Nationwide Warns Against The Pitfalls Of ‘Medicaid Planning’
A new Nationwide Financial advisor survey released today found that half of advisors say they have clients asking about giving all their money to their children in order to qualify for government assistance in paying for long term care.
According to the
Currently, 49 percent of Americans who need long term care services depend on
While the Deficit Reduction Act of 2005 helped make transferring assets to children much less practical by implementing a five-year, look-back provision, instead of a three-year look back, "
* While Medicaid may pay the bill for nursing home care, you may not get to live where you wish. Nursing homes are not required to accept new patients who are on
* Consequences for spouse. Your spouse may not have the income needed to maintain his or her lifestyle.
"Many of our advisors tell us the most important aspect to their clients when planning for long term care is maintaining control," Carter said. "People who resort to repositioning or giving away their money often find they sacrifice control when having to ask for money that used to be theirs. They also give up control when protecting an inheritance for their children outweighs comfort in their final days."
Advisors say only 15 percent of their clients understand the potential costs of long term care well and over a third (35 percent) say their clients understand the costs "not at all well." People living to age 65 have a 70 percent chance of needing some type of long term care in their lifetime.2 The average cost per year for a nursing home is projected to be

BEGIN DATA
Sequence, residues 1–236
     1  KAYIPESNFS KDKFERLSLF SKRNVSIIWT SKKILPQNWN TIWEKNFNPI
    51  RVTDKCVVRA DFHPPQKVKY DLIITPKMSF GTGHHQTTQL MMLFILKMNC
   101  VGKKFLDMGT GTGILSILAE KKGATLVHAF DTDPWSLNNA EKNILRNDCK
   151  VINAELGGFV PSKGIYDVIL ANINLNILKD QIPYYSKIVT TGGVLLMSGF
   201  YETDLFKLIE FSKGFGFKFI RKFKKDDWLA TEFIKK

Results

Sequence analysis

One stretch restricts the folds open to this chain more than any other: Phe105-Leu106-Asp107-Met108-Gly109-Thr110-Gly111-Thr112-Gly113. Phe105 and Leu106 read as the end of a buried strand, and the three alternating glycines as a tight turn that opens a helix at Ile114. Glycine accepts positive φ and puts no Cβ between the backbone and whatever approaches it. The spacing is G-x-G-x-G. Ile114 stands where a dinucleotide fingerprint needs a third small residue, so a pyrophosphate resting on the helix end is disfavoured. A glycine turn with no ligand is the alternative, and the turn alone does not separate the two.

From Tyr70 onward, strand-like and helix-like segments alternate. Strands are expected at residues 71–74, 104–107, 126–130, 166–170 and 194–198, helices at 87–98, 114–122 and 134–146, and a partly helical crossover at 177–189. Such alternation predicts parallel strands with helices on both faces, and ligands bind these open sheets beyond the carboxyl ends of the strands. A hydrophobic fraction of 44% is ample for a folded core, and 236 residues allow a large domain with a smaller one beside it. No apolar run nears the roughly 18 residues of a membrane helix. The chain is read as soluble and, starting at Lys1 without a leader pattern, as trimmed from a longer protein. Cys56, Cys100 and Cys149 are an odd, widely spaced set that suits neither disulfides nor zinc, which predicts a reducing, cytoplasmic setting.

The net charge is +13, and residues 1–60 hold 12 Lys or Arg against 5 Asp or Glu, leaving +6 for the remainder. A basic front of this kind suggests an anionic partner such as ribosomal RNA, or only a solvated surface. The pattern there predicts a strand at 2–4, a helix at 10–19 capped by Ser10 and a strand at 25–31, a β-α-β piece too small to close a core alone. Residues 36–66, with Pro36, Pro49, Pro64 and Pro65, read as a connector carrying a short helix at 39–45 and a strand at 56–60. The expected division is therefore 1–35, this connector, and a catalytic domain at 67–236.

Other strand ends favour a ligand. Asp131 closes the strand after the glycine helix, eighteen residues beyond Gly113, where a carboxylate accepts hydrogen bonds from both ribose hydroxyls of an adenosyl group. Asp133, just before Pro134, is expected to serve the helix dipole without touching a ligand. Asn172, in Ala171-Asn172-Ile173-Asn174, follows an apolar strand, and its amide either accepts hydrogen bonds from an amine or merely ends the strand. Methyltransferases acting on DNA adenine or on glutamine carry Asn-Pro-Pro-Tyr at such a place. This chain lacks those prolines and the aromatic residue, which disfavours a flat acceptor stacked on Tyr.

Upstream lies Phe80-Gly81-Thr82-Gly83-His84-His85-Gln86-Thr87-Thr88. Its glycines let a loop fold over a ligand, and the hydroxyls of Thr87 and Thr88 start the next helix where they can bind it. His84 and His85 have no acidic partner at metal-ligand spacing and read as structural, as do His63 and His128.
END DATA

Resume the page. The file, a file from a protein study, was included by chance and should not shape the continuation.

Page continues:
Nationwide Financial launched the Personalized Health Care Assessment program to help advisors estimate their clients' health care expenses in retirement. The program uses proprietary health risk analysis and up-to-date actuarial cost data such as personal health and lifestyle information, health care costs, actuarial data and medical coverage to provide a meaningful, personalized cost estimate that will help clients plan for medical expenses.
"Instead of guessing, advisors can use this tool to provide a fact-based cost estimate based on their clients' health risk and lifestyle and build a plan from there," Carter said.
According to our survey, fewer than a third of advisors (31 percent) agree their clients understand the various long term care options available to them in addition to traditional stand-alone long term care policies.
The most commonly known long term planning choice is the traditional stand-alone long term care policy. While it is very customizable, some clients don't like the "use it or lose it" nature of these products.
There are also hybrid products available. A long term care rider can be added to the life insurance coverage being purchased. This plan will provide funds for the insured should they need long term care. However, in the event no long term care is ever needed, the insured has a death benefit to leave to heirs.
"As financial professionals, it is our job to help protect our clients' financial health without sacrificing their dignity," Carter said. "In many cases proper long term care planning that includes some type of long term care insurance protection will not only better suit clients financially, it will allow them to keep control of their assets, their life and most importantly their dignity."
Advisors can visit www.nationwidefinancial.com/healthcare to learn more.
TNS C-Santpan-Santpan 121207-4131895 71Santosh
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|Source:||Targeted News Service|